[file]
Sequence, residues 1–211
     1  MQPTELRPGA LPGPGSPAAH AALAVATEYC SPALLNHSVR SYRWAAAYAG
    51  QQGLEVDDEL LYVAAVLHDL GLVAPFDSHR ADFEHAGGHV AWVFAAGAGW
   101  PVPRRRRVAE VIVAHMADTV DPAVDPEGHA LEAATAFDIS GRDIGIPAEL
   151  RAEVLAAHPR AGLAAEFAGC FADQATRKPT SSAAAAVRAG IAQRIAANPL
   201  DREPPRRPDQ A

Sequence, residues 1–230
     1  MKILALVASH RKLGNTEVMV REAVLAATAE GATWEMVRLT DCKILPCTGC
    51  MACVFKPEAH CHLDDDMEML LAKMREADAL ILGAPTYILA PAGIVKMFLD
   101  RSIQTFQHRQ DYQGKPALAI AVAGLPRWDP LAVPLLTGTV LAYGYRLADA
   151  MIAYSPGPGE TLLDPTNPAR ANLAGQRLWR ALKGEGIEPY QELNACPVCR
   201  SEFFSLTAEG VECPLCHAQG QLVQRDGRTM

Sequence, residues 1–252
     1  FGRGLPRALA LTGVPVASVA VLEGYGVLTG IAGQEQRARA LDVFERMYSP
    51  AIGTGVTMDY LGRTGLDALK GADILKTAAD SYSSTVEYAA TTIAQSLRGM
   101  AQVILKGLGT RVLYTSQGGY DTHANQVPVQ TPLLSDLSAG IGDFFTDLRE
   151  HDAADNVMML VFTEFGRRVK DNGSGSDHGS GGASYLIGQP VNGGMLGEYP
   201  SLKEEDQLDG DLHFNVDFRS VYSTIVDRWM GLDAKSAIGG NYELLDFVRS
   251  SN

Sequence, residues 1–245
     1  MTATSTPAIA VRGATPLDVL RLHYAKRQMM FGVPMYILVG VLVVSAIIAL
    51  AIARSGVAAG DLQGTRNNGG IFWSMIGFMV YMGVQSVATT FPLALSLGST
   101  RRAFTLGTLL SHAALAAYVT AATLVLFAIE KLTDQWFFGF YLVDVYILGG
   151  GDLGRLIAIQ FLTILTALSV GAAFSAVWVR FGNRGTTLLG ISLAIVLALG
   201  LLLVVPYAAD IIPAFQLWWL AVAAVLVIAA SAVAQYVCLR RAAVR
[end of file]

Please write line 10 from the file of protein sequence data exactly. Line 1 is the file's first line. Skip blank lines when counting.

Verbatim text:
   101  RSIQTFQHRQ DYQGKPALAI AVAGLPRWDP LAVPLLTGTV LAYGYRLADA